A new basic-bedding firm launches from the merger of Sleep Innovations and Flexible Foam
By David Gill
A new player in the basic-bedding industry has been born of the merger between Sleep Innovations and Flexible Foam Products.
The company is called Innocor Inc., and—according to a statement from the newly minted manufacturer—is the second largest producer of flexible polyurethane foam in North America. It is also carrying forward with Sleep Innovations’ line of bed pillows, mattress toppers, mattresses, bath mats, kitchen mats and pet products. Sleep Innovations’ brands—including Sleep Innovations, Novaform, Comfort Co. and Stanley Utility Mats—will also remain in the merged company’s portfolio.
The history of this merger begins in November 2012, when investment firm Sun Capital Partners closed on its acquisition of Sleep Innovations. In March of this year, Sleep Innovations swung a deal to acquire the assets of Flexible Foam Products.
Now the two companies have become one, and as of early last month, the new company has a new leader. Chemical industry veteran Carol Eicher was hired as president and CEO of Innocor. Richard Brown, managing partner of Sun Capital and Innocor’s chairman, said, “The board and I are confident Carol is the best choice to guide the business as we leverage our increased manufacturing footprint as both a retail partner and OEM [original equipment manufacturer] supplier.”
In Eicher’s view, the merger comes with a lot of positive synergies. The combination creates a company with “both branded retail product and a broad channel strategy in which we sell foam to bedding and furniture manufacturers,” she said. “Our customer base is a national customer base, and a lot of these customers want to be serviced as national accounts, with network and distribution points that align well with their footprints. This merger helps fill out that footprint.”
The other synergy comes from the sheer size of the newly created Innocor. “We are now one of the biggest players in this market,” Eicher said. “We have gone from two medium-size companies to one company with nearly $1 billion in sales.”
Innocor’s first mission in its early days will be to figure out the opportunities created by these synergies, Eicher said. “Our focus will be to look at our new network and make sure we are taking full advantage of our manufacturing capabilities,” she said. “We will be looking at ways for the two companies to share technologies and configuring our network to make sure we service customers more quickly and efficiently.”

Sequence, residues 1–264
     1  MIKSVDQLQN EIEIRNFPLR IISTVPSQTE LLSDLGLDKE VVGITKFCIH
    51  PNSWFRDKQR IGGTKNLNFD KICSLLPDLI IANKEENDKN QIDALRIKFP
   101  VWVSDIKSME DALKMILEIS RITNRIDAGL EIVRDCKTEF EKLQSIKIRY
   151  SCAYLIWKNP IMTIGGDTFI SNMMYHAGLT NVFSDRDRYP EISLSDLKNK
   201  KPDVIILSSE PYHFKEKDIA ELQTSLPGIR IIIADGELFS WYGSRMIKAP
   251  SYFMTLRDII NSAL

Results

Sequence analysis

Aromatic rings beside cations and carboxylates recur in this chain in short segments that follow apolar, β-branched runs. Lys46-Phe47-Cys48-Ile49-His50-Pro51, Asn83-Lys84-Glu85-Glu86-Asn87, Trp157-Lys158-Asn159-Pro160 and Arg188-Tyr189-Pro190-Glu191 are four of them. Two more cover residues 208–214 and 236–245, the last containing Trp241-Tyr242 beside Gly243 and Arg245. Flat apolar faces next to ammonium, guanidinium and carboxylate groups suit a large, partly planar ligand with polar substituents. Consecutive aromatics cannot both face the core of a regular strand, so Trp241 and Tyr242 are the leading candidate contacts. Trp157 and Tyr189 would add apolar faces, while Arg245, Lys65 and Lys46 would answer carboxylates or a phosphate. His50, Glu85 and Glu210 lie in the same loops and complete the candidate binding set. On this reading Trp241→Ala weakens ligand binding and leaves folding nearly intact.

This strategy—which Eicher termed “optimizing the integration”—will eventually lead to what Innocor can add to its product portfolio, and how to leverage its broader customer base to bring in new product innovations. This is actually a continuation of the culture of Sleep Innovations; aside from its name, the company has always been known for bringing new products and technologies to the utility bedding market, Eicher said.
And, in her view, the opportunities still exist for Innocor as well. “We think there’s a lot more to do with memory-foam technology,” Eicher said. “Seventy percent of the (mattress) market is still innerspring and coil technology, so there are a lot more opportunities for memory foam-type products.”
Eicher also said that, with Sleep Innovations, the platform is already there for bringing the latest and greatest to the bedding market. “To me, innovation is not about people working in a lab,” she said. “It’s also about working out solutions to problems from our customers. It’s important that now, with the merger, we have this larger outreach to customers.”